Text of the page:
Food prices in 'biggest fall' for a year in June
Food prices saw their biggest fall for over a year last month as prices continued to drop, a survey suggests.
Grocery prices fell 0.8% in June, extending May's 0.3% fall and marking the deepest deflation in food for over a year, according to the British Retail Consortium-Nielsen Shop Price Index.
Shop prices overall, including non-food items, fell 2% year-on-year, marking the 38th consecutive month of decline.
The BRC said it was an "extraordinary run of deflation".
However, the retail trade body said it eventually expected prices to rise again.
"The time it takes for any price increases to make a reappearance will depend on a combination of factors including the future value of the pound, commodity prices and any eventual impact of the Brexit vote on input costs," said BRC chief executive Helen Dickinson.
The shop price index reflects the period ahead of the referendum vote from 6 to 10 June.
The sharp fall in the pound, which has plunged about 11% against the US dollar since the outcome of the EU referendum vote, has led several analysts to warn that the price of groceries could rise longer term.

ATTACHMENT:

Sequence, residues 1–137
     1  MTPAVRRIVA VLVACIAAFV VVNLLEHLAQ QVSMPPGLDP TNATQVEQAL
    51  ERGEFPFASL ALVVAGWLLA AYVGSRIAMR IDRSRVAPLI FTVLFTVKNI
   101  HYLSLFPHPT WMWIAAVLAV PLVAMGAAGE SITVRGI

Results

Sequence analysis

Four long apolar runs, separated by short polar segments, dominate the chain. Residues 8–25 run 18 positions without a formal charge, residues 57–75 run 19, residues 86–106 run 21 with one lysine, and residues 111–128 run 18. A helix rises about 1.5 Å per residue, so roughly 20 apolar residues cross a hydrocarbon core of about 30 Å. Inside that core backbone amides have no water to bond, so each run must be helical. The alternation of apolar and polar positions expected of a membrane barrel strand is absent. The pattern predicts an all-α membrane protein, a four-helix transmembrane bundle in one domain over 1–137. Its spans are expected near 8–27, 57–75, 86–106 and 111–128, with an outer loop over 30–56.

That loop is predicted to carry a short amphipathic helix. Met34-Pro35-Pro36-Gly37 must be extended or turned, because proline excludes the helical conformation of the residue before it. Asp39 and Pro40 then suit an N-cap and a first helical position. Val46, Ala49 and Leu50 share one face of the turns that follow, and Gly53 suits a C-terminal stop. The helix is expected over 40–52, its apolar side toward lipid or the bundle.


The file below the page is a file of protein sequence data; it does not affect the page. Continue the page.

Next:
Some 40% of food consumed in the UK is imported meaning any long-term shift in exchange rates could lead to higher food costs.
But Ms Dickinson said the continuing fierce competition between retailers meant hiking prices still "may not be viable for some retailers".
The British Retail Consortium-Nielsen Shop Price Index comes a week after research firm Kantar Worldpanel reported like-for-like grocery prices fell 1.4% in the 12 weeks to 19 June compared with a year earlier, marking the 23rd consecutive period in which prices have fallen.
Kantar's head of retail and consumer insight, Fraser McKevitt, said he did not expect the immediate economic uncertainty following the outcome of the EU referendum to cause "a substantial fall in grocery volumes".
"Historically, higher prices have led to consumers looking for less expensive alternatives such as own-label products, seeking out brands on promotion or visiting cheaper retailers," he said.
Falling shop prices reflect weak inflation in the wider UK economy. Annual inflation was 0.3% in May according to the Office for National Statistics, unchanged from April.